Anyone who has had a loved one with dementia knows that it’s pretty much your worst fear for them to go missing.
You hear of it happening quite often in the news and sometimes – like during frigid Canadian winters – it ends in tragedy.
But now, one Japanese city has introduced a new QR code system to keep track of senior citizens with dementia.
In Iruma, Japan, dementia-suffering senior citizens who are prone to getting lost are being tagged with scannable codes.
Tiny stickers worn on the finger and toenails carry a unique identity number to help reunite them with loved ones and caregivers.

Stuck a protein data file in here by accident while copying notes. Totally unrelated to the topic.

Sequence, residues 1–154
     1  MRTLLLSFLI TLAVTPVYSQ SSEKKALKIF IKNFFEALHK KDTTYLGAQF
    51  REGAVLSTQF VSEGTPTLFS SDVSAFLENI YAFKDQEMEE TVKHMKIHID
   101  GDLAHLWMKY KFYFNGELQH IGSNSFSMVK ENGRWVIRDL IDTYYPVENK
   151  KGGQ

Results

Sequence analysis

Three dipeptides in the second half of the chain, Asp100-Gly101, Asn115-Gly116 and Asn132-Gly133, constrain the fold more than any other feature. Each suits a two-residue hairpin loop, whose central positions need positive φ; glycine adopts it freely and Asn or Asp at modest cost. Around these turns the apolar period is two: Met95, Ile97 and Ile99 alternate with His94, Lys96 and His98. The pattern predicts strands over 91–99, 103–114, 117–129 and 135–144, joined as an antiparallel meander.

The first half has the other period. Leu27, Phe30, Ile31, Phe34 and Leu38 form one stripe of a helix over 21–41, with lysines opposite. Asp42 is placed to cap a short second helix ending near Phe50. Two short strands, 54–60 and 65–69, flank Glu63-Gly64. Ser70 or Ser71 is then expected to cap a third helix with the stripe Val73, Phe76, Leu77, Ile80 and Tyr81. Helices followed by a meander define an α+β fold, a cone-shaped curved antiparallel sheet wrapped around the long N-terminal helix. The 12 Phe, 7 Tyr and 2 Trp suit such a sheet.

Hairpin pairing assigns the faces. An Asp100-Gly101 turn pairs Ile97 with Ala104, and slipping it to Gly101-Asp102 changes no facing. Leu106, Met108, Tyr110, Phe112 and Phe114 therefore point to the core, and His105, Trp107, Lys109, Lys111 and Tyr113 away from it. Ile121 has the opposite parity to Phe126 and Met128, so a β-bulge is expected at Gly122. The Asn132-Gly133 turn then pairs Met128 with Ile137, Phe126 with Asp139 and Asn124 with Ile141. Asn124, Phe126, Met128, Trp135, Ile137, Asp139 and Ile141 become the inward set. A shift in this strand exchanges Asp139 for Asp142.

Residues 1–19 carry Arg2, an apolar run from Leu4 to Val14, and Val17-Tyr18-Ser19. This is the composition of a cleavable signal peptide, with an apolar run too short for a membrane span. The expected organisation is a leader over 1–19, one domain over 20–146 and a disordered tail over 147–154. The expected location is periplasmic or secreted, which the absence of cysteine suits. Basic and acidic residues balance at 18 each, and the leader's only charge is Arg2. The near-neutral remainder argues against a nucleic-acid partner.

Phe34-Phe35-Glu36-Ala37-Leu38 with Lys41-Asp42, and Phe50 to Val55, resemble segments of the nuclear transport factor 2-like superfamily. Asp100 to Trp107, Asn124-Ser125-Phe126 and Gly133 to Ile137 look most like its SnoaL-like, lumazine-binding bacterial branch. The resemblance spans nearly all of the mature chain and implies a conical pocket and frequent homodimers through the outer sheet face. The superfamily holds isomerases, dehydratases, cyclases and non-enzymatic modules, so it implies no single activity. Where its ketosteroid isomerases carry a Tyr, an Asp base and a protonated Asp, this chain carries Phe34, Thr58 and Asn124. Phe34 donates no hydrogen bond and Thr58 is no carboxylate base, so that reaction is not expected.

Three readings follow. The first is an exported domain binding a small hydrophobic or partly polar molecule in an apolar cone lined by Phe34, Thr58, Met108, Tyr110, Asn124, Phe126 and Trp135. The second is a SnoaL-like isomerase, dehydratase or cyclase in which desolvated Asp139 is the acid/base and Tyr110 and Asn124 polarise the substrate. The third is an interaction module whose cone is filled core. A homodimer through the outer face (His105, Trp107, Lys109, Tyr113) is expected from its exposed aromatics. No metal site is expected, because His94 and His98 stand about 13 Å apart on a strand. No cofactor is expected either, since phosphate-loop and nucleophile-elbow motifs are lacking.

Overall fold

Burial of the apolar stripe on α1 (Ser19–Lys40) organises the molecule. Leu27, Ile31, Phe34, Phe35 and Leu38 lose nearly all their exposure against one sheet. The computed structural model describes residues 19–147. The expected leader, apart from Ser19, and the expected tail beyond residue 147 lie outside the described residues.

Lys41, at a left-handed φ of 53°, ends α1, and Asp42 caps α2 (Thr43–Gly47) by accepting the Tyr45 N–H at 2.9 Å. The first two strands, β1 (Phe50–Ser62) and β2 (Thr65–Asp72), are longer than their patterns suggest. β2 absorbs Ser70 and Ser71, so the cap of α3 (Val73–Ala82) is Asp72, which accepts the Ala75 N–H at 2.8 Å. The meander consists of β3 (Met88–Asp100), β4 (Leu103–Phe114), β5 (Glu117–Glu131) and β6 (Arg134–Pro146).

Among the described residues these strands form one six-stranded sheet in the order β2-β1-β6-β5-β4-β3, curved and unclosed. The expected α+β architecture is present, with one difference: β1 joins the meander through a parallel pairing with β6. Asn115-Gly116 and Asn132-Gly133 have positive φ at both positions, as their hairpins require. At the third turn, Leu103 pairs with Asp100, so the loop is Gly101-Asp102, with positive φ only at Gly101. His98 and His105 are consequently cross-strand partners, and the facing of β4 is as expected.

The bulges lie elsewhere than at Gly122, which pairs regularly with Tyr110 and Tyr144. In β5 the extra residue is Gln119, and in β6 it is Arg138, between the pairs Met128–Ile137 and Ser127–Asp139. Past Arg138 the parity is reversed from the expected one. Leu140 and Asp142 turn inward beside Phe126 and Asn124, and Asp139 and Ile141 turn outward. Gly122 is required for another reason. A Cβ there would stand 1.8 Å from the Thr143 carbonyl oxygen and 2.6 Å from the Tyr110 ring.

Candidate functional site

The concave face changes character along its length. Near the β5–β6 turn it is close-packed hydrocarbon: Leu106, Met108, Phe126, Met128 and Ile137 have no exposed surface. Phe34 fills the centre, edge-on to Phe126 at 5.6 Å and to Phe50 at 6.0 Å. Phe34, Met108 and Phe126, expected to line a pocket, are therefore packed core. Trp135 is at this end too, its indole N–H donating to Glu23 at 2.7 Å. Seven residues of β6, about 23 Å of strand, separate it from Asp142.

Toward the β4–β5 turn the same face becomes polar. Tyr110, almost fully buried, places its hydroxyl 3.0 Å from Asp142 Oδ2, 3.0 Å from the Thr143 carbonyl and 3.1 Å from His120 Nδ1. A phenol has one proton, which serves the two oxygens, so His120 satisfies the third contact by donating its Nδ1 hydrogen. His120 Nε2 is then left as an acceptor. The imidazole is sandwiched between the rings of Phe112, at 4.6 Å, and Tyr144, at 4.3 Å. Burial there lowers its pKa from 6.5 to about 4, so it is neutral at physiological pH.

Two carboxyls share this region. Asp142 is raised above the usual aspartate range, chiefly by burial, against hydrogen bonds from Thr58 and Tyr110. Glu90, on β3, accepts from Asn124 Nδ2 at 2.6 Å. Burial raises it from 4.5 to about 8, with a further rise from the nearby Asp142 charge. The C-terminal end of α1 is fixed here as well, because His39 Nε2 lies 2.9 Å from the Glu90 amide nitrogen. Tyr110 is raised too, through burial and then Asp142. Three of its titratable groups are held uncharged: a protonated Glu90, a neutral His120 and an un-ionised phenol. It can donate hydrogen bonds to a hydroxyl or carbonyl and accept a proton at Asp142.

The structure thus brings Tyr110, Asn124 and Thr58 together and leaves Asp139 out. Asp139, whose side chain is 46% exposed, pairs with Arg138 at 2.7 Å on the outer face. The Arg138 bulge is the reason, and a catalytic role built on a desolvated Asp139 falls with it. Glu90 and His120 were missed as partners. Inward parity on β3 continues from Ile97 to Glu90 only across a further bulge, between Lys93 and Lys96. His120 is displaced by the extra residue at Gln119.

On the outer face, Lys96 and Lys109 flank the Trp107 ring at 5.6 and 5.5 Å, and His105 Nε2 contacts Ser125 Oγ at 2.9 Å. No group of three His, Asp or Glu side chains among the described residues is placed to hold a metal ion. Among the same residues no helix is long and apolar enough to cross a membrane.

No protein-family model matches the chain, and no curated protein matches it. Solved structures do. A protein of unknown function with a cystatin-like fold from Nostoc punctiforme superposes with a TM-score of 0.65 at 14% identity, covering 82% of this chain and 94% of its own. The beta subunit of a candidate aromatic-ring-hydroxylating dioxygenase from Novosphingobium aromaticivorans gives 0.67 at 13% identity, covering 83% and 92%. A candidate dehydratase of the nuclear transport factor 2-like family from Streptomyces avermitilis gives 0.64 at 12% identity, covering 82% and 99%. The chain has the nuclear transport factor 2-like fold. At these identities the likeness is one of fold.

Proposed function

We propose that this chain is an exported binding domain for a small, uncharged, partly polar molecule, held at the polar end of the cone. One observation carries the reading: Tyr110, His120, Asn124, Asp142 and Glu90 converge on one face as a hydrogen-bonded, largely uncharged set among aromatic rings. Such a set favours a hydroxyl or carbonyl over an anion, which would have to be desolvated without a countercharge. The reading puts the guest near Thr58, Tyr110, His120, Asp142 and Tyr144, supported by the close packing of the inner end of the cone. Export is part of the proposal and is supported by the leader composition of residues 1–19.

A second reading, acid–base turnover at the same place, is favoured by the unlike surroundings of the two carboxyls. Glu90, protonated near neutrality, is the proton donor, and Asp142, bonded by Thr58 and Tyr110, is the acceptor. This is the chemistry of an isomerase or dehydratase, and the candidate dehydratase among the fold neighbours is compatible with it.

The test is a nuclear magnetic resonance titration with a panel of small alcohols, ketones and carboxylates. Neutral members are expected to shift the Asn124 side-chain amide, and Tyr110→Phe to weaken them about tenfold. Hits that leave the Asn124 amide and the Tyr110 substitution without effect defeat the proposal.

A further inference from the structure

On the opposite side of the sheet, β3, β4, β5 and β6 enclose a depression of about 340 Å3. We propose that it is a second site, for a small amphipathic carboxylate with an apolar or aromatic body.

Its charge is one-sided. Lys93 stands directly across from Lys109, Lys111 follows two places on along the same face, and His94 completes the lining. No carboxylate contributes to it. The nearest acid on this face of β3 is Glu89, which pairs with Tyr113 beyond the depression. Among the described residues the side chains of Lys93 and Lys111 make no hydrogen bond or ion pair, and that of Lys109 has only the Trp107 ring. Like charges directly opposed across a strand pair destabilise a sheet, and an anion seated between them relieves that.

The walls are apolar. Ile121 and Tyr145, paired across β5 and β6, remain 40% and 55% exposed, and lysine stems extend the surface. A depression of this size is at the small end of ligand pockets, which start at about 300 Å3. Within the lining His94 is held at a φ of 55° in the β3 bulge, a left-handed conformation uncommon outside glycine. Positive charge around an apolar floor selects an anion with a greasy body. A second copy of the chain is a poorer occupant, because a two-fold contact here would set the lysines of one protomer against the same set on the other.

The adhesive QR codes are just one centimetre long.
“Being able to attach the seals on nails is a great advantage,” a city worker told the Associated Free Press. “There are already ID stickers for clothes or shoes but dementia patients are not always wearing those items.”
Police will find all the essentials – the local city hall, its telephone number, and the wearer’s ID all embedded in the QR code.
The chips have a shelf life of about two weeks.
Given our own aging Baby Boomer population, it’s an interesting idea that could work on this side of the Pacific too.